I began this week pretty confident that I knew what yesterday was about.
I wrote yesterday’s post a few days ago, thinking I’d figured it out; the post was about sacrifice and love and how we spend the life we have. I stand by that post; it’s a pretty good post.
But that’s not what yesterday was about.
Yesterday morning at breakfast, my wife talked to me about giving things up for Lent, and what her view of it is. “It’s not just about the giving up,” she told me. “It’s about replacing whatever you’re giving up with Jesus.”
“It’s like when we fasted in college. It was a very sweet time.” I remember that fast. I didn’t remember it being sweet. But then she reminded me– “that night, we went to the grocery store and got focaccia bread and cheese for the first time,” one of our favorite little snacky meals, even to this day.
She had replaced food during our fast. I hadn’t, so I couldn’t remember the sweet gift God gave us through it.
Then I read Romans 6 to my kids during lunch, where Paul talked about being united to Christ in His death and life; replacing our own sinful nature with His perfect nature.
Tonight, at the Ash Wednesday service, our worship leader talked about what he hoped this Lenten season was. He wanted the service to be a “planned crisis” where we snap out of our daily and weekly normalcy and replace our idols with Jesus instead of just giving ourselves high-fives for our incredible willpower in avoiding chocolate for forty days.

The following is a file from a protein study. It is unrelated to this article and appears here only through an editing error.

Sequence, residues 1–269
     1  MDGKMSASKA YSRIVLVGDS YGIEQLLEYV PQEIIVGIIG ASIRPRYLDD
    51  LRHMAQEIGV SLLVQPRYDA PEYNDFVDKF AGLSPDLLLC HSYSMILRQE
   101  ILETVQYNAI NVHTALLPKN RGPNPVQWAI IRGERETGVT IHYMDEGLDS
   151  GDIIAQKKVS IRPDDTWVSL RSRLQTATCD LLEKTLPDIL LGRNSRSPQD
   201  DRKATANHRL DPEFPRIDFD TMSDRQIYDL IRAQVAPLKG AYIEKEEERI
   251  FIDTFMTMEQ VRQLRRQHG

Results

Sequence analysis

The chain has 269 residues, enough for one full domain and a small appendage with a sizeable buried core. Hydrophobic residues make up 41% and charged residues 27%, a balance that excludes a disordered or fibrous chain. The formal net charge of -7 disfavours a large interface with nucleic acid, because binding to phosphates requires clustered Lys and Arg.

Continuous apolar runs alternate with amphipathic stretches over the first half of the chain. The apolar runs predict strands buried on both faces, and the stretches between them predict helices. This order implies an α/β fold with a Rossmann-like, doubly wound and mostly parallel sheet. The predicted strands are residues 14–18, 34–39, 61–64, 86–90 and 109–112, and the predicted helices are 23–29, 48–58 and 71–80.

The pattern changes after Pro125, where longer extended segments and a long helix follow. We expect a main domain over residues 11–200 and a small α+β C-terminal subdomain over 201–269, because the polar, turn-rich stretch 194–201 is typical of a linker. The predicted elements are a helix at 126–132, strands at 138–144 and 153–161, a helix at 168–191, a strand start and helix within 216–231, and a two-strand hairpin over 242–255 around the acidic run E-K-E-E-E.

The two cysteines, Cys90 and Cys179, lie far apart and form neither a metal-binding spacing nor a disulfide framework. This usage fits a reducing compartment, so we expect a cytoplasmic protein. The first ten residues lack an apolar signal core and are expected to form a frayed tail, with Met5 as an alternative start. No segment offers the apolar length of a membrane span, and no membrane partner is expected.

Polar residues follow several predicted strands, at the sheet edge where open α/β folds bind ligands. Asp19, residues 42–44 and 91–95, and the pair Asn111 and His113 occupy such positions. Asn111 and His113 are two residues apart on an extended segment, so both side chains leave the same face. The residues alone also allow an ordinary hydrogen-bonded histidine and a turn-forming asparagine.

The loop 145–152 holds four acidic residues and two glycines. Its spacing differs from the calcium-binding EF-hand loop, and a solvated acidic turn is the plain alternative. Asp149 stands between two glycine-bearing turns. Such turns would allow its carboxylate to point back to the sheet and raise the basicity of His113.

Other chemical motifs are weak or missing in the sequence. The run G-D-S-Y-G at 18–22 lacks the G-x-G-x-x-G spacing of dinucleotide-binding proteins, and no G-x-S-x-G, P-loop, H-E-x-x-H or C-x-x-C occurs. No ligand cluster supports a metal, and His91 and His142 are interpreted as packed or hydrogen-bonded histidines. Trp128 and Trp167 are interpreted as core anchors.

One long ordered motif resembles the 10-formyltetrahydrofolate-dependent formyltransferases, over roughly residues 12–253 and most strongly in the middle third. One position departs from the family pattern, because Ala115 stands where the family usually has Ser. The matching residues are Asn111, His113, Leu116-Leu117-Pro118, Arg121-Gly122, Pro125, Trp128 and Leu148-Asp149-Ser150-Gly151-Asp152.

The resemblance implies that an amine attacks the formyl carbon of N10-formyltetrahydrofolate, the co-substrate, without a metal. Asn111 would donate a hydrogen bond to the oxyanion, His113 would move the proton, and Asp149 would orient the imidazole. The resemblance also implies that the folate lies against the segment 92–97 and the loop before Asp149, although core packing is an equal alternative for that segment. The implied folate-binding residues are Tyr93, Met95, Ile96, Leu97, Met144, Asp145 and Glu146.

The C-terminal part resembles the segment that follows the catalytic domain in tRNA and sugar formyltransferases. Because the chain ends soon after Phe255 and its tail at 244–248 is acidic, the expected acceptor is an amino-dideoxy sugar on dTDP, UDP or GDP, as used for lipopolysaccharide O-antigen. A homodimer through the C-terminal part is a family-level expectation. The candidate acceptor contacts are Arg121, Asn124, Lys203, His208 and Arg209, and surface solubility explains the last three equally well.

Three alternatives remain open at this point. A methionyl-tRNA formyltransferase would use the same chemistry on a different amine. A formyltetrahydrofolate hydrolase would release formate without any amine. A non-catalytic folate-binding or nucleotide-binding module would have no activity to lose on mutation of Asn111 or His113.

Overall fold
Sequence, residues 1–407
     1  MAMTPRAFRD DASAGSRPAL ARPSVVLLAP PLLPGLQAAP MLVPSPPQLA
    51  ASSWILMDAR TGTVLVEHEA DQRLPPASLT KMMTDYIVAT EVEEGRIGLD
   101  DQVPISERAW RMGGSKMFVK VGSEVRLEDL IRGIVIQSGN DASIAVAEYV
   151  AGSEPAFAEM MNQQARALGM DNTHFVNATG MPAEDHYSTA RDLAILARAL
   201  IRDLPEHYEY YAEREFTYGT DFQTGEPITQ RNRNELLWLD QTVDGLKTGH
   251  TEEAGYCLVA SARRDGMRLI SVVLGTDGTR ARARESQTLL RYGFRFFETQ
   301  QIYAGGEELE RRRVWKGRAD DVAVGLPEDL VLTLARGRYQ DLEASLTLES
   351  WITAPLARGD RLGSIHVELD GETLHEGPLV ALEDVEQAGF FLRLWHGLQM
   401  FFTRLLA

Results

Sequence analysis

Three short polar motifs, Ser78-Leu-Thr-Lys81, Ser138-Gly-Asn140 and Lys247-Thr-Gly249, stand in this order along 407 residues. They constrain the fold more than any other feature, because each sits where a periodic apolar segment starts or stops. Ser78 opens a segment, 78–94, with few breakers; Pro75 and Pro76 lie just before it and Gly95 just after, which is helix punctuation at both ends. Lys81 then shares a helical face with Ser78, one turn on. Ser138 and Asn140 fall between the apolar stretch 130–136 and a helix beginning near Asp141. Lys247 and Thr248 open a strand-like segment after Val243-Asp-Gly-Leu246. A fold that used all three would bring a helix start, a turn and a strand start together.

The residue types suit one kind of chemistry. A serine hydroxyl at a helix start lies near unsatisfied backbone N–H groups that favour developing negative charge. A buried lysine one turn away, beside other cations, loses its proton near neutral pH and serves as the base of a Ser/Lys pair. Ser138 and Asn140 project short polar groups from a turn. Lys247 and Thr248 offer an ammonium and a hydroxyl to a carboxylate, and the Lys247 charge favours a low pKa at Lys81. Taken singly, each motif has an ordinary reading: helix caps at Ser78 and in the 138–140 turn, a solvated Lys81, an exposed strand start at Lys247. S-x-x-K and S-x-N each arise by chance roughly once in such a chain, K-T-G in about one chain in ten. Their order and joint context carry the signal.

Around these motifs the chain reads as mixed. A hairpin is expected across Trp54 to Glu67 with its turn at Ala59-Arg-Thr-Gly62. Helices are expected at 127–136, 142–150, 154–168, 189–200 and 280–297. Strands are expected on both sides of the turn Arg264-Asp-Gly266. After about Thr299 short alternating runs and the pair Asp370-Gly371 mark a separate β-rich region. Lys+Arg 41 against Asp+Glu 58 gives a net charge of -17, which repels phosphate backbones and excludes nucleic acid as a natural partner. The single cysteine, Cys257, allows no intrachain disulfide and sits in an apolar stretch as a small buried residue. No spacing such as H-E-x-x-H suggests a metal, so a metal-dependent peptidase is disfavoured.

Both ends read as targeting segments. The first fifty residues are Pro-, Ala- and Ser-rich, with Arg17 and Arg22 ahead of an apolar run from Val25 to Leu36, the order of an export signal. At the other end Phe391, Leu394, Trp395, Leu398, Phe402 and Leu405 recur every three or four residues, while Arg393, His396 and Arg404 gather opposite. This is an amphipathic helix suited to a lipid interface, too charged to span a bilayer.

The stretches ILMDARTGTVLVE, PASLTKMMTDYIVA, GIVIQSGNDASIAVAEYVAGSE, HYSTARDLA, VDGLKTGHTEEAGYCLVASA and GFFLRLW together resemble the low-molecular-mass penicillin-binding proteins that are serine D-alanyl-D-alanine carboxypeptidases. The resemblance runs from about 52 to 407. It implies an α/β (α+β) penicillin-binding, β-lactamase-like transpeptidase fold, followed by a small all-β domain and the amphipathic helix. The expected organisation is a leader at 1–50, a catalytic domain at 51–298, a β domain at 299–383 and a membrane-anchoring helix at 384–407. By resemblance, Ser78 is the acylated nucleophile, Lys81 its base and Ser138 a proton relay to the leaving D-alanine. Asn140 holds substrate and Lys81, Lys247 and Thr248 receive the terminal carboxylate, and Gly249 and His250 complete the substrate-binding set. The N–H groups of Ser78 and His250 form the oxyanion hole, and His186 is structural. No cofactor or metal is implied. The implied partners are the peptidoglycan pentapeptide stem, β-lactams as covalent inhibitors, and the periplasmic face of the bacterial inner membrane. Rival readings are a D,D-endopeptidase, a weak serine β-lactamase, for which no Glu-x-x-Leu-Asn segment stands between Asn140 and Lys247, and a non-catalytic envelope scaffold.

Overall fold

And then our pastor spoke about our tendency to run from uncomfortable situations, like our sin or talk of death, into general distraction. We’ve replaced the hope of the resurrection of Jesus with our cell phones and Netflix and chatting idly with our friends.
And we sang a song with this stanza:
The dearest idol I have known
Whate’er that idol be,
Help me to tear it from the throne
And worship only thee.
-William Cowper, “O For a Closer Walk with God,” 1772
An image came to mind of a giant, ornate, glorious, beautiful, spotless golden throne with a red velvet cushion and carpet running up to it. And atop that cushion, sitting at an angle, was a flimsy, shoddily-made trophy. Like the plastic participation trophies we got when we were kids, about which so much has been made recently.
That trophy held all my own glory, all my comfort, all my control. Afraid to cede control to God, I live in unrest. Afraid to abandon my comfort, I pursue pillows of stone. Afraid to spill my glory out before the One who deserves it, I let it spoil and fester.
But all of that is simply representational. I’m really the one on that throne. I, me, mine, my. Because of my fear, I sit where God belongs.
In my faithlessness, I’ve become a pretender. In my fear, I’ve become a fraud. And I reject the True King, preferring my usurpation to His righteous rule.
That’s what Ash Wednesday was about: replacing my false reign with His true one.
I’m sorry I missed it.